Tuesday, October 19, 2021
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Crisis, what crisis? The Prime Minister talks excrement

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IN this, the concluding despatch from the party conference circuit, TCW Defending Freedom’s political correspondent meets the Prime Minister, the Rt Hon Boris Johnson, before his eagerly anticipated address.

I have been ushered into a sparsely furnished side room off the main suite that the Prime Minister is using as his base in Manchester. His aides tell me that he is running late, and I might have a short wait. A pot of coffee is brought along with bottled water. Suddenly there is a lot of noise outside and the door bursts open. Mr Johnson breezes in at full throttle, smiling broadly.

PM:

TCW, what a pleasure. I have been looking forward to this all morning.

(He takes my proffered hand and wraps it in both of his. It’s a nice touch and one that I am sure he constantly uses to disarm journalists. Close up, I observe he looks distinctly older than in his pictures. His demeanour, whilst apparently ebullient and cheeky-chappie, has a somewhat careworn patina and his eyes, hitherto shining with schoolboy humour and mischief, are somewhat dulled.)

PM:

So should I prepare myself for a good grilling?

(He laughs easily, knowing it is difficult to be too aggressive with someone so ostensibly cheerful. I parry with a small joke.)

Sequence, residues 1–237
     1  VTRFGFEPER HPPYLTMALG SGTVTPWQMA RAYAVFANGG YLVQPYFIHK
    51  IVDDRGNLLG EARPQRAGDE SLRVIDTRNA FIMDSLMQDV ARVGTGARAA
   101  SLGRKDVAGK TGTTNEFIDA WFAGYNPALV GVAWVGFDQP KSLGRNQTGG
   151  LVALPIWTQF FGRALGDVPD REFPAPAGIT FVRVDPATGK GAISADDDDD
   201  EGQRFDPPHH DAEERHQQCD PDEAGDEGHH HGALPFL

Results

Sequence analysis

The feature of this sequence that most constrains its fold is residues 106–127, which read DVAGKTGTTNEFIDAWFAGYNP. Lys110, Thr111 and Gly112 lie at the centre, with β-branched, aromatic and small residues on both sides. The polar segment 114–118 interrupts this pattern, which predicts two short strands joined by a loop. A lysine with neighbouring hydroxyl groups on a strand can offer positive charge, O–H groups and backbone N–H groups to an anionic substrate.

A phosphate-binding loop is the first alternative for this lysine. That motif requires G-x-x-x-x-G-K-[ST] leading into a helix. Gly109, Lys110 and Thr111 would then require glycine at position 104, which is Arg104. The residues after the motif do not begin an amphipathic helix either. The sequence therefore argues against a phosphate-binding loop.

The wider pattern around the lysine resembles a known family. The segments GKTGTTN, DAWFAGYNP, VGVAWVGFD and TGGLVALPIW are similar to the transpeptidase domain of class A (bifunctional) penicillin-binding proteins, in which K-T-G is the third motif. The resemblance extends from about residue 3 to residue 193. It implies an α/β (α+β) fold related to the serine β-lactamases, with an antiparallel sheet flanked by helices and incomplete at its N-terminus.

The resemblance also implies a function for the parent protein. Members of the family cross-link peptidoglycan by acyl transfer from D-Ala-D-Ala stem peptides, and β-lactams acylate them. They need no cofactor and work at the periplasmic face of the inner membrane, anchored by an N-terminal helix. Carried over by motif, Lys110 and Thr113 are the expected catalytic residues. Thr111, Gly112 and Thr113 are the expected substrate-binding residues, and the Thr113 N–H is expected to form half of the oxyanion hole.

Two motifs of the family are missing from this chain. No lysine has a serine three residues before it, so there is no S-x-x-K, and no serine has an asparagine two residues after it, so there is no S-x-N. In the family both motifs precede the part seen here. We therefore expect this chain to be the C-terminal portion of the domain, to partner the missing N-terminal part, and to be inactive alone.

TCW:

Not so much a grilling, rather a good roasting!

PM:

Fire away.

TCW:

Prime Minister, NHS waiting lists running into many millions, a national fuel crisis, potential food shortages, education in chaos, the spectre of rising inflation and unemployment, to what do you attribute your continuing success in the polls?

(He looks genuinely upset at the question and his habitual smile momentarily disappears.)

PM:

Piffle and poppycock. Look, there is no crisis at all. I know you gloomsters love to paint a picture of GB Ltd going to hell in a handcart but that is simply not the case. If there are any problems, I would like to use the phrase that Macmillan used in 1958 when he referred to ‘little local difficulties’. That is where we are currently. Talk of a crisis is wide of the mark.

We have a fantastic team in place and in relation to NHS waiting lists there cannot be a safer pair of hands than ‘Saj the Jav’ [Health Secretary Sajid Javid]. The petrol issue is also under control and our wonderful boys (he makes a mock salute) will have no one running on empty. You won’t go far wrong by reprising the wonderful Arlen and Mercer song Accentuate the Positive. Please, let’s move on.

TCW:

Why have you chosen Manchester as the venue?’

PM:

That’s an easy one – vibrant, inclusive, diverse, the culture, the food, but above all the people.

TCW:

With COP26 around the corner there has been a huge amount of criticism of your green policies. Many eminent and qualified commentators say that they are simply unworkable and that you will drag the country back into the dark ages – literally, for absolutely no reason and with zero impact on CO2 global emissions. Additionally, you will saddle those least able to afford it with astronomical hikes in energy bills, leading to the very real prospect of the ‘heat or eat’ dilemma.

PM: